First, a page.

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My hus­band’s de­men­tia made me stop hid­ing I was gay

Mike Parish was 19 and on the escalator at Victoria station in London when a tiny sticker caught his eye. As he read the words “Do you think you’re gay?”, the escalator whisked him downwards. He had to go back up and then down again to copy the phone number, which was for an organisation called Icebreakers. This act proved a turning point for Parish, who had increasingly felt at odds with how he fitted into the world.

It took weeks to brave dialling the number. “I think I’m gay, but I don’t want to wear a dress and carry a handbag,” he told the man at the end of the line; it was 1974 and now, aged 68, Parish looks back and is saddened by his own lack of knowledge. The man laughed and invited him to a tea party the following Sunday. Sitting on the sofa there, he reached for his cup of tea at the same time as a young man on the other end of the couch. They smiled at each other. “I fell for Tom in that moment,” Parish says.

He and Tom were together for more than 40 years, until Tom died of dementia last year. Now, Parish has launched a community interest charity to support LGBTQ+ people with dementia and their carers.

“The trouble is, for a lot of people who, like me, are approaching 70 or older, the negative experiences they had when they were younger are still there. It’s like going through some sort of crisis – you never forget it,” Parish says.

For years, he hid his sexuality at work; he spent four decades in the fire brigade, mostly as an emergency planning officer. One year, terrified that he had slipped up, he opened all the Christmas cards he had written to check that he hadn’t added Tom’s name.

Although they had a civil partnership in 2006, in public the pair were guarded and avoided holding hands. “Too frightened,” Parish says. “People got attacked in the street because they were gay. This happened so much in our early lives … The trouble is when someone says: ‘Look, a couple of queers’, you don’t know if the next thing will be a brick or a punch.”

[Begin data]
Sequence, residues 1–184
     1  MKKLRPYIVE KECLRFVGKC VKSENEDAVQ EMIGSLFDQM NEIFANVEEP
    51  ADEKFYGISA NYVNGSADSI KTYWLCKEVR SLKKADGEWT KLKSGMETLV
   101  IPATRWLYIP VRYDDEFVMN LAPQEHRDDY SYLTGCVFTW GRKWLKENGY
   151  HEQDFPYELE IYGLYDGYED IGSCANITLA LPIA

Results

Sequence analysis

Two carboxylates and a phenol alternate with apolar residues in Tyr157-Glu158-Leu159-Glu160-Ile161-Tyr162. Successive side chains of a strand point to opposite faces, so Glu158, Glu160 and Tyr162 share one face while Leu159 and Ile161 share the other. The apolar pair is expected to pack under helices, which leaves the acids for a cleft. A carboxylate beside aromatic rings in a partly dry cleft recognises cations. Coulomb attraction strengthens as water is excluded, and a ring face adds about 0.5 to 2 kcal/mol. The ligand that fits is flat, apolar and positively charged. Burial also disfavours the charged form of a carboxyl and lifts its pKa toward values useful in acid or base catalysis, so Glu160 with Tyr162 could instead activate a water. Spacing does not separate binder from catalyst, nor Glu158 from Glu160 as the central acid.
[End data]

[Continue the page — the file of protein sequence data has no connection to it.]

But Tom’s dementia, and Parish’s duty of care, led them into new territory. A few years ago, they would go for coffee in Bath. “And I would hold his hand,” Parish says. “He would fall over if I didn’t.” Sometimes passersby said unpleasant things, but Parish called them out, once challenging a builder: “Yes, we are together. He’s my husband.”

Parish says: “I spent a lifetime frightened, but as Tom got ill, my fear of doing anything publicly evaporated. I have no fear any more. It’s a good place to be.”

As an increasing number of social workers and care workers visited their home, Parish learned to advocate, challenge and question. The case of Ted Brown, whose partner experienced homophobic abuse in a care home, weighed on him. Online research suggested the problem was widespread. So, at 59, Parish retired to care for Tom at home.

But sometimes people would see him feeding Tom and remark: “It’s wonderful how you look after your father.”

“I became a carer’s voice,” Parish says. “I wanted to say: ‘Look, when you go out as a social services officer and there are two men, or two women, don’t assume.” He began to give talks to local organisations. When he contacted Deep, the UK network of dementia voices, and asked if there were any LGBTQ+ dementia groups, he was told: “Not really. Why don’t you start one?”

Last year, with a few likeminded people he has met along the way, Parish co-founded the LGBTQ+ Dementia Advisory Group, to “improve the lives of LGBTQ+ people who are affected by dementia”.

Parish knows that he may need help himself one day, but he is mostly spurred on by the memory of Tom. “I gained some kind of confidence from somewhere, some kind of drive,” he muses. “And the inspiration for that came from Tom.” He understands the meaning, he says, of the words: I’ll do anything for the person I love.

“When you’ve got that level of freedom from the things that would normally hold you back, nothing can get in your way.”

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